Sadly, it also strikes a condescending tone: Are you good enough to touch the thing that enhances each life it touches?
So, in search of my own manifesto, I went to see the “Jobs” movie, where I was one of nine people in the theater. You can’t blame Apple for that. This is one of several films that the real fanboys refuse to see, since they have every moment of the company’s history already committed to memory.
And, indeed, I wanted to leave after the first 10 minutes. It starts with a stick-thin Steve in his signature black turtleneck and jeans announcing the iPod to a standing O.
I’ve got to say Ashton does a pretty good impersonation, walk and all. Except that he has a much cuter nose, which he can’t hide, and his beard reminded me of the one usually found on an animatronic Abe Lincoln.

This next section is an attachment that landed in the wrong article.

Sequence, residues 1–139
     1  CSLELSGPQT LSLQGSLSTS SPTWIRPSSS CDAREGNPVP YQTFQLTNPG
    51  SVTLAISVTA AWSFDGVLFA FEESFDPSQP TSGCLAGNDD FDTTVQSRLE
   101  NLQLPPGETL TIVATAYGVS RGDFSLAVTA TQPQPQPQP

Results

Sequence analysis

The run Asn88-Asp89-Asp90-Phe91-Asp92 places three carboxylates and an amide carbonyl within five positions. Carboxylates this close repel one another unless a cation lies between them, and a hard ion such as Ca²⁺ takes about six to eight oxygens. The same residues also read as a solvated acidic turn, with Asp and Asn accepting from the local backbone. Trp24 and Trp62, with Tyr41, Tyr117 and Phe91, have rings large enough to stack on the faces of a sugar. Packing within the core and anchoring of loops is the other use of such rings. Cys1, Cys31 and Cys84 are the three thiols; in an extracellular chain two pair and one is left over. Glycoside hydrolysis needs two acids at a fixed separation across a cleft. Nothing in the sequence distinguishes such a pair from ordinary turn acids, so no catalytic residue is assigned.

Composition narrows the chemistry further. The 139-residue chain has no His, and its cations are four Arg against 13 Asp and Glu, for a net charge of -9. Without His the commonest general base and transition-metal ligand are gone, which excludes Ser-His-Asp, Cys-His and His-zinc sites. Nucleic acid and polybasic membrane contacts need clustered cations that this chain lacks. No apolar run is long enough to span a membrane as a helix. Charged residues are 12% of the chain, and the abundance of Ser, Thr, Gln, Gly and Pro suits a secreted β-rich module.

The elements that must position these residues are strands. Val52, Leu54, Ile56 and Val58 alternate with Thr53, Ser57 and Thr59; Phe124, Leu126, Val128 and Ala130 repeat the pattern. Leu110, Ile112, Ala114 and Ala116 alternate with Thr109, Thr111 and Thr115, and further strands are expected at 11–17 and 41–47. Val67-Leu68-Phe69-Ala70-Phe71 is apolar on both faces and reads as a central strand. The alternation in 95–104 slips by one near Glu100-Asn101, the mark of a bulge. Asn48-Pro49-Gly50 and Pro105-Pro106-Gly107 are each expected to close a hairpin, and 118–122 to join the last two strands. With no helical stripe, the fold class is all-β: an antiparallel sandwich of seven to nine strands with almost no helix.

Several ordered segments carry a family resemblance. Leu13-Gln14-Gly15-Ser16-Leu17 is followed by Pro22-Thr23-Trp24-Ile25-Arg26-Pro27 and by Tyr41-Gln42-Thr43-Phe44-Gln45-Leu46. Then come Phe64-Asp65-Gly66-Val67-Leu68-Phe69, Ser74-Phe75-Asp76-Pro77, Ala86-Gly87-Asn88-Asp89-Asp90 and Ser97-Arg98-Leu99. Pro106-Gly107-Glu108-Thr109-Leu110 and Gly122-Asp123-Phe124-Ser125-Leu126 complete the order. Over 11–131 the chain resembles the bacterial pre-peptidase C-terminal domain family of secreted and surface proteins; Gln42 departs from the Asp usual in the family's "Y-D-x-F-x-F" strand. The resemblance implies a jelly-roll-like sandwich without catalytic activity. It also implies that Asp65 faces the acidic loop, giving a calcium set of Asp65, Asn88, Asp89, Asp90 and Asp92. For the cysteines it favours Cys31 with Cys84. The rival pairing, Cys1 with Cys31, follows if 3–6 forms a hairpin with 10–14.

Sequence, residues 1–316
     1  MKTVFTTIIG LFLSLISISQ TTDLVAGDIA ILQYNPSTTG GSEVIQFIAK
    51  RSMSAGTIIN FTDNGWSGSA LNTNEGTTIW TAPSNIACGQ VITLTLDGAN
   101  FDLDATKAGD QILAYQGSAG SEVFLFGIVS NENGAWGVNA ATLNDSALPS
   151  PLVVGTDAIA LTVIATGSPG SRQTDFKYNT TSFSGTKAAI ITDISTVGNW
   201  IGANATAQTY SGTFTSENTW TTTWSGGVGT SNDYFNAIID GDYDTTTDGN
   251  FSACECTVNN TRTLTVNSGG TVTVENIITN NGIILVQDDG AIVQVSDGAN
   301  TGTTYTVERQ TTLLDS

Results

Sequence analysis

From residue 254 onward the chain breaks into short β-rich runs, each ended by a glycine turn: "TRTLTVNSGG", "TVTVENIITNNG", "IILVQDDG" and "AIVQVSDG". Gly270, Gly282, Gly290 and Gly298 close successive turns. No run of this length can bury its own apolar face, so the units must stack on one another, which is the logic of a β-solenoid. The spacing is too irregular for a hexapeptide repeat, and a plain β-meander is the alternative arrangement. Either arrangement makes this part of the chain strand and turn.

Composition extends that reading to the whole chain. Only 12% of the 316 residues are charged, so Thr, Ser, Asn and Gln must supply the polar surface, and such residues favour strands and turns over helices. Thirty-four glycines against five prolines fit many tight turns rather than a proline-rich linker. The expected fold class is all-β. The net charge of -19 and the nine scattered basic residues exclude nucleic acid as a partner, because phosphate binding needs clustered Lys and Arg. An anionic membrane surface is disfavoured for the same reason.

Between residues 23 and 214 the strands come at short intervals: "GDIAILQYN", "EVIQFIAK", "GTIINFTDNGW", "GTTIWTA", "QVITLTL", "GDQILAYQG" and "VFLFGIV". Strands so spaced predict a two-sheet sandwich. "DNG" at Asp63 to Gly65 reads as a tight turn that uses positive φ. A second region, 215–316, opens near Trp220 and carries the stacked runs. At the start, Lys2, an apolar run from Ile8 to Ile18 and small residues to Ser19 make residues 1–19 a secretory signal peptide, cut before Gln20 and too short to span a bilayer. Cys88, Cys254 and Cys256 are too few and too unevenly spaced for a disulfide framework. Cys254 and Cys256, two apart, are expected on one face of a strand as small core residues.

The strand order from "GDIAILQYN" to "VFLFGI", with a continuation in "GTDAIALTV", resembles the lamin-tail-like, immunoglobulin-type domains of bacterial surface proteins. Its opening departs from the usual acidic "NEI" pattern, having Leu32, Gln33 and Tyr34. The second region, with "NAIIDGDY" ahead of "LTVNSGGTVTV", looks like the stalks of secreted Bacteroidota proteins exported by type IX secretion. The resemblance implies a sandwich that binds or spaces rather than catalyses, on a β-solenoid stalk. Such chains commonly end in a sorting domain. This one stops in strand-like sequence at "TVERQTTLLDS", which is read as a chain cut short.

From there, the film goes back, back, back to the golden times of the early-to-mid-‘70s, while Steve was residing around, but not matriculating, at Reed College. It becomes a cross between “E.T.” and “The Greatest Story Ever Told.” Jobs walks around the campus like a Messiah, leading packs of people. (Just like that teacher-guy in the Farmer’s Insurance ad, who, it turns out, plays an Apple board member in the movie.)
You can smell the patchouli wafting over the rooms with the Indian bedspreads on the walls, as Steve beds various women. The tripping scenes were really the worst — the movie at its most self-parodic — as he dances in his sandals in the wheat fields, and all is golden.